PEDESTRIAN.TV has partnered with RMIT University, who have ace pathway and vocational study opps for those looking to upskill. See if it's up your alley HERE  to get cracking on your career.

There’s no getting around the work thing, unless you’re born into some rich-as-hell situation like a Kardashian dynasty (#PrayForNorth). With that being said, you may as well be doing something you enjoy, and, seeing as you’ve come to this article for guidance, I’m guessing you don’t currently.

But do you have to do something average? Something millions of others do and therefore strip the career path of any external excitement? No. You can do something nice / different / unusual instead – something that you don’t want to brush off as boring when asked about it at family Christmases and the like. I could go on to list all the whacky-yet-ideal jobs, like a waterslide, chocolate and mattress tester (which exist), but the chances of scoring those are one in a million.

Buckle in for some more realistic choices.

A TV PRODUCER

Photo: UnReal

You’d be lying if you said reality shows didn’t fulfil all your trashy TV needs. The reason the viewing is so bloody wonderful is thanks in no small part to the production team behind it. Yes, it could be your legitimate job to make people loveable (and hateable) to the wider audience (don’t worry, pretty sure the contestants sign a clause saying it’s all sweet to mould their personality), and, of course, you’ll have intel that others don’t on how everything goes down.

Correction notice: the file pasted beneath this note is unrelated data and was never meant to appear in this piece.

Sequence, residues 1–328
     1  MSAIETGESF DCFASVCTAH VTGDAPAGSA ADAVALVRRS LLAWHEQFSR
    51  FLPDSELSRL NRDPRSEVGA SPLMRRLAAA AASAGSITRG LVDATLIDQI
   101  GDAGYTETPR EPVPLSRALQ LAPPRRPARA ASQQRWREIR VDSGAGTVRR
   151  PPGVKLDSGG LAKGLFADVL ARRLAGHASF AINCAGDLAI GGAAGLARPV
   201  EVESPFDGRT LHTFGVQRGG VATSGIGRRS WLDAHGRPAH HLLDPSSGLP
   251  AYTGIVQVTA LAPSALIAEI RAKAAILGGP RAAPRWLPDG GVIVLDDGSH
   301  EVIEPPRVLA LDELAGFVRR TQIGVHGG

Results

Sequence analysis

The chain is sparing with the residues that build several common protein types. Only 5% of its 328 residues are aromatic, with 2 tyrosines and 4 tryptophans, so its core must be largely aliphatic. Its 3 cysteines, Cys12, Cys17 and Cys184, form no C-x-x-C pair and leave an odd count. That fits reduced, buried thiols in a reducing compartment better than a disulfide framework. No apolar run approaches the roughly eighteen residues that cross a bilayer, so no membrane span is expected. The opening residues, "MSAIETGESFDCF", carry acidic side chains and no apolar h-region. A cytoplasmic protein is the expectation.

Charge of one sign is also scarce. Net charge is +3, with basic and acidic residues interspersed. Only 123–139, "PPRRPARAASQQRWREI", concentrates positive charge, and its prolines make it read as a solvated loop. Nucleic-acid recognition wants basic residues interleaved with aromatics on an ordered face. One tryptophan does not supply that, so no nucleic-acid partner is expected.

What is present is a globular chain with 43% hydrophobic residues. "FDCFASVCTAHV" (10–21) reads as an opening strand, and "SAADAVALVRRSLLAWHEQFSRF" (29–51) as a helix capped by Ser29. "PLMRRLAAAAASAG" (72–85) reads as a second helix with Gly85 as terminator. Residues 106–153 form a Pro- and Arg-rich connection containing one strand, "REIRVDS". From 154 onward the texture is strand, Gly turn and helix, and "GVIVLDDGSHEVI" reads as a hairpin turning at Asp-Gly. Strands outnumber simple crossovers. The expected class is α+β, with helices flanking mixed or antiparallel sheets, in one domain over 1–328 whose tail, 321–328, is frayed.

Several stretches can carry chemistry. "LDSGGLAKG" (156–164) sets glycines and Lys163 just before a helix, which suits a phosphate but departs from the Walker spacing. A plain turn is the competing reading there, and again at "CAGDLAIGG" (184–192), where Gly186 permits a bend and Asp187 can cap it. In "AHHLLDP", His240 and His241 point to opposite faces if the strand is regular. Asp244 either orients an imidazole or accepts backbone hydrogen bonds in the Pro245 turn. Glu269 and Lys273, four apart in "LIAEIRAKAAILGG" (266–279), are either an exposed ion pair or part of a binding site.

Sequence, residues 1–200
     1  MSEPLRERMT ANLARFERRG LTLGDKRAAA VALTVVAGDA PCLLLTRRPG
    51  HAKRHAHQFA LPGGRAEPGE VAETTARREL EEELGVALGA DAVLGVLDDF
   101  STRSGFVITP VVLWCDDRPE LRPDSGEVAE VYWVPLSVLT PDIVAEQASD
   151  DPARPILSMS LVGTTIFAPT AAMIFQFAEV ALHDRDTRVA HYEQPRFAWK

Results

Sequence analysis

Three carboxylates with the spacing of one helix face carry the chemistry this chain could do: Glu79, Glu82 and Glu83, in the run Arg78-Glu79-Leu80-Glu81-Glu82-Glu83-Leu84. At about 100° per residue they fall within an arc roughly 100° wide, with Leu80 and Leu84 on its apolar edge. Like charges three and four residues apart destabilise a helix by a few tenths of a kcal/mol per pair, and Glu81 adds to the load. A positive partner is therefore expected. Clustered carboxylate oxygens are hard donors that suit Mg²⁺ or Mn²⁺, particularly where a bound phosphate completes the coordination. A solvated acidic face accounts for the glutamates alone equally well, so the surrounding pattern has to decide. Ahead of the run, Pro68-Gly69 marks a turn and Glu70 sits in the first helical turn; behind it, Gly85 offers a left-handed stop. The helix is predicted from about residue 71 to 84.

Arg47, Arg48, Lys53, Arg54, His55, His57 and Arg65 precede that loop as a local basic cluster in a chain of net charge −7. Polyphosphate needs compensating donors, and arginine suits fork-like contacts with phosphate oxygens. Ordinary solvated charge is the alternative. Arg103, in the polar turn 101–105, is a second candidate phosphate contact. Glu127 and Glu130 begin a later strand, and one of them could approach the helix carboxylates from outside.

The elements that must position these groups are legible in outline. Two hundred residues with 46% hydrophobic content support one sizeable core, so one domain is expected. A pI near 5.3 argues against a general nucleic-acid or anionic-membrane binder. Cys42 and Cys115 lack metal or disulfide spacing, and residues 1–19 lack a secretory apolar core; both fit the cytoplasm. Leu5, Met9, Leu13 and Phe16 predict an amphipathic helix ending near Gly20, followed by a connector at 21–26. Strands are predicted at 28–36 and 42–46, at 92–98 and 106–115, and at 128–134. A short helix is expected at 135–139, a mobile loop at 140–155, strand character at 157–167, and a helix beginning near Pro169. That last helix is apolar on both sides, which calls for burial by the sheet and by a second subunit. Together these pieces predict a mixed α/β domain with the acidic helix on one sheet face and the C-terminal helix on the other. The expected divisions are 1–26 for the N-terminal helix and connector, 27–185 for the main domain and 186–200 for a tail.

You have to be able to work collaboratively in a team, though. Shannon Anderson, who studied Screen & Media at RMIT and now works in television production said:

“Working as a team in a creative industry is really hard. You have an image in your head of how you want something to look but someone might disagree with you. We’ve learnt important skills in how to communicate ideas, directing actors and crew, and how to compromise, which are all very important skills in film and TV.”

AN APP OWNER

If the Australian Financial Review’s Young Rich List is anything to go by, having a successful app is where it’s at – Emily Skye has a $32 million fortune and Kayla Itsines, along with her partner Tobi Pearce, have a shared wealth of $46 million.


Look, I’m not oblivious to that fact that they also have ridiculous followings on the ‘grams that have helped them market the product. Their ability to leverage is admirable, though, even if not all of us want to admit such things. Because racking up millions of followers like them can take a very, very long time, you could do a marketing and advertising course to help you with getting your idea in the right hands. Check some on offer, with anywhere from 1-3 years completion time, here.

A GOOGLE ‘FIVER’

Google.com

Sorry but who hasn’t, at one point in their life, thought about what it would be like to work at Google? Even if you don’t necessarily want to work there, the first question you’d ask someone who does it what the offices are like. (This is what they are like.) So basically, even if you’re doing a not-so-crash-hot job there, the surrounding space would make it kinda worth it. But stay with me here – there are positions in Google’s Creative Lab.


What’s that, you ask? Just a one-year, paid program in Google Creative lab, where you will be labelled a “Fiver” and work on projects within the company, usually the first of it’s kind. YES YOU CAN BE A HISTORY-MAKER. See the application HERE and just tell me it’s not inviting. You might even work up the ladder and land a swoit gig like this guy:

If you’re keen on taking on a career path that feels more exciting to you, it’s worth checking out RMIT’s pathway courses HERE. They’re perfect for upskilling or changing gears in your line of werk, in far less time.